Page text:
Freitag is a statement that makes the wearer feel different.

Strong, unique and authentic are three words that definitely represent Freitag bags. “The visuals are very attractive to the trained eye. Freitag is a happy surprise in this day-to-day world filled with mass-produced and standardized products,” says Windelin Hess (33), a designer who first bought a Freitag bag in 1994.

Freitag distances itself from imitative trends which result from mass production. The phrase “Each bag is unique” isn’t just the Freitag tagline: Freitag offers a unique declaration for the urban person suffering from “a feeling of disorientation and a need to communicate in the center of disconnectedness and individuality of urban life,” according to the authors of Freitag: Individual Recycled Freeway Bags.

The aforementioned book was printed with the same creative enthusiasm: 10,000 unique copies were printed with different covers. This 500-page book is not heavy on the text, but exposes the ecological, economic, and sociocultural motivations of Freitag since its foundation, as well as images of 3,000 Freitag bags and their owners. These are members of the neurotic metropolitan generation, who are surrounded by consumerism but want to look different.

To understand the context of Freitag’s success, you have to understand that Switzerland is a small, wealthy country. This country, which is often shown on post cards with blue lakes and flying geese, has a population of only 360,000, and its per capita income is an staggering US 587,000 dollars. According to the same book, “Swiss people are ready, willing and able to fill the big hole of boredom in their daily lives by shopping.”

Freitag’s success was supported by their smooth arrival into the Swiss underground scene. Freitag became a mandatory accessory for young people going to clubs or rave parties around Europe.

In 1999 Freitag opened a main outlet in Davos, a small city in the heart of Switzerland. Two years later, another store was opened in Hamburg. In 2006, Freitag opened yet another store in Zurich, which got a lot of attention because it was constructing by stacking 17 rusty, shipping containers. With a height of 26 meters, the store became a bonsai skyscraper in the city of Zurich, despite strict regulations of tall buildings.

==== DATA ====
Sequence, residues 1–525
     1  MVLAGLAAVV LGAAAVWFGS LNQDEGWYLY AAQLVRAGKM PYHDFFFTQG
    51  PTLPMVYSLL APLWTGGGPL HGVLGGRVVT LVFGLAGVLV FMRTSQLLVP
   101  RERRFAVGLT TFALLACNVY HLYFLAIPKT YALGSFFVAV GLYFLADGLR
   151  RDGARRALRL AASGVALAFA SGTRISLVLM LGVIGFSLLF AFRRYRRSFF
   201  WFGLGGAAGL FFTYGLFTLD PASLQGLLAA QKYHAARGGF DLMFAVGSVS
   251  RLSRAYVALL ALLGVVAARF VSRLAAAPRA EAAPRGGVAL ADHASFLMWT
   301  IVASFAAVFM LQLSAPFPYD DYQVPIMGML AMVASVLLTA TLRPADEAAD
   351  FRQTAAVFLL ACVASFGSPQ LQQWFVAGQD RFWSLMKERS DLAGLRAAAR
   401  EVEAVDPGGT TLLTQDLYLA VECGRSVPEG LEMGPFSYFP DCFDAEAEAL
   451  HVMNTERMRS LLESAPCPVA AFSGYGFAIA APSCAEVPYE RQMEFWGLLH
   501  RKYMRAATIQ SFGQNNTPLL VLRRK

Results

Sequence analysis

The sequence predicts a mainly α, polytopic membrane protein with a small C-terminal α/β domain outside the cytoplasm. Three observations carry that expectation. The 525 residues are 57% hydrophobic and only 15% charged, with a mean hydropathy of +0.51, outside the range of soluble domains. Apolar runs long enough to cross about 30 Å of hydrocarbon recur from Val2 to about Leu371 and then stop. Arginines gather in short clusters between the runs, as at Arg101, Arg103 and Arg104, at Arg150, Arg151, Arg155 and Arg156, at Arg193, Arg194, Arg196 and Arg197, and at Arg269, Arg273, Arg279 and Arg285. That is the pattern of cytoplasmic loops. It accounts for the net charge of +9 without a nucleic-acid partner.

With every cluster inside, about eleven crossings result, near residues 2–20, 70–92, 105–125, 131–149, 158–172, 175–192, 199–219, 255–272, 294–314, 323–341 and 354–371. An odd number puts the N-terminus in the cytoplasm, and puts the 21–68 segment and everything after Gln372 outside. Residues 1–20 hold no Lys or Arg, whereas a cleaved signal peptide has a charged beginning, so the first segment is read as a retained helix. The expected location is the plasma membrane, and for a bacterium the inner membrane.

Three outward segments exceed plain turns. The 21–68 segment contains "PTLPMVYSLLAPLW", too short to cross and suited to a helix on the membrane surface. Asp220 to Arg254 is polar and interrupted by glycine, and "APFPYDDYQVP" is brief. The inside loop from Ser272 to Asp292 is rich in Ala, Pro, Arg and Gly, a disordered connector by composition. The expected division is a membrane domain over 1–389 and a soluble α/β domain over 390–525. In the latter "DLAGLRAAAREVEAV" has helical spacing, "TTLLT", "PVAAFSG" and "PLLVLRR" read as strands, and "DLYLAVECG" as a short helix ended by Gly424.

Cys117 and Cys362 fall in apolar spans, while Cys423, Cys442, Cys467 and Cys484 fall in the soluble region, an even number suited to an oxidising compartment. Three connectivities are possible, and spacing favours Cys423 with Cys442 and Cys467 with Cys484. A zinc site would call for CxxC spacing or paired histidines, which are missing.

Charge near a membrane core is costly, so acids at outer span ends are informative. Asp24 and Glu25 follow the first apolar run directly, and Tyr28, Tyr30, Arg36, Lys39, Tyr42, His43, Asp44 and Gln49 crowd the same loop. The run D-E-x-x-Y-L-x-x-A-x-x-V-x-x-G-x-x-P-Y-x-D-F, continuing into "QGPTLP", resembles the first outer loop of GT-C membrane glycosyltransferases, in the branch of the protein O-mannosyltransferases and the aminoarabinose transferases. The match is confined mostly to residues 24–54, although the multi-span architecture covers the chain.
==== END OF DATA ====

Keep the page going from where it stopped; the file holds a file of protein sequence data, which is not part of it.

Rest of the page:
Freitag products can be purchased online through Since October 2002, Freitag offered a feature called F-cut, which allowed customers to design their own unique bags online. This Flash application presents a range of tarps from which to choose. If you’re not totally satisfied with the ones available, you can come back in a few days to check the new tarps in stock. Customers simply place the bag design on the section of tarp they want to choose. At the factory, the tarp will be cut following the customer’s specifications. Two weeks later, your new, custom-designed bag arrives at your doorstep.

The Top Cat Freitag bag has been added to a design collection at the New York Museum of Modern Art (MOMA), a huge honor coveted by artists the world over (to date no Indonesian artist’s work has been accepted by MOMA).

Since the 1980s, the question of environmental degradation has been a widely discussed topic, and not exclusive to environmental activists. Cries to stop deforestation, environmental pollution, and green house effect have all become popular movements. Terminology such as Eco, Green, and Global Warming are often used when discussing the importance of Reduce – Reuse – Recycle.

Some environmentalists consider recycling to be too expensive and too energy consuming. This is where upcycling provides a great alternative solution by turning useless, discarded material into something useful and new, like what Freitag has done. Anyone can find used, discarded objects and transform them into something newly functional.

If upcycling becomes a new trend, do upcycle products hold special economic value? Freitag’s success suggests as much. And it also suggests some important questions about what consumers want: For example, why would people spend 250 Euro on a bag made from old truck tarp?

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